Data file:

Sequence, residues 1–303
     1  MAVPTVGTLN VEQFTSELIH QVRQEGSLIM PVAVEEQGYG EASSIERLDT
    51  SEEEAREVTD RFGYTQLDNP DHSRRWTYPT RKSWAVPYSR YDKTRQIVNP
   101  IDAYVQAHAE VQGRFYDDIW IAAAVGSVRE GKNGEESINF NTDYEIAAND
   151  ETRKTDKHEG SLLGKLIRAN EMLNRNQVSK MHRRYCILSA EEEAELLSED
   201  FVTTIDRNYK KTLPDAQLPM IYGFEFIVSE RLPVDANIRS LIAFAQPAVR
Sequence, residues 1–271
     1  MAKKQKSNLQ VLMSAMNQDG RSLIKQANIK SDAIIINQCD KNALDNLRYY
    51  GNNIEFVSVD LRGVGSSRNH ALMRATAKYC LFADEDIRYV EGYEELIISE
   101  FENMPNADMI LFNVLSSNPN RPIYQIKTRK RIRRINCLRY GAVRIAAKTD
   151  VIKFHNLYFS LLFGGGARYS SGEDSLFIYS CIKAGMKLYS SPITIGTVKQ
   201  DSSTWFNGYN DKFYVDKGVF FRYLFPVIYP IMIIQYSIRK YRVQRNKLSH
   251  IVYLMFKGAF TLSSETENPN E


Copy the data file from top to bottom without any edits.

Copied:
Sequence, residues 1–303
     1  MAVPTVGTLN VEQFTSELIH QVRQEGSLIM PVAVEEQGYG EASSIERLDT
    51  SEEEAREVTD RFGYTQLDNP DHSRRWTYPT RKSWAVPYSR YDKTRQIVNP
   101  IDAYVQAHAE VQGRFYDDIW IAAAVGSVRE GKNGEESINF NTDYEIAAND
   151  ETRKTDKHEG SLLGKLIRAN EMLNRNQVSK MHRRYCILSA EEEAELLSED
   201  FVTTIDRNYK KTLPDAQLPM IYGFEFIVSE RLPVDANIRS LIAFAQPAVR
Sequence, residues 1–271
     1  MAKKQKSNLQ VLMSAMNQDG RSLIKQANIK SDAIIINQCD KNALDNLRYY
    51  GNNIEFVSVD LRGVGSSRNH ALMRATAKYC LFADEDIRYV EGYEELIISE
   101  FENMPNADMI LFNVLSSNPN RPIYQIKTRK RIRRINCLRY GAVRIAAKTD
   151  VIKFHNLYFS LLFGGGARYS SGEDSLFIYS CIKAGMKLYS SPITIGTVKQ
   201  DSSTWFNGYN DKFYVDKGVF FRYLFPVIYP IMIIQYSIRK YRVQRNKLSH
   251  IVYLMFKGAF TLSSETENPN E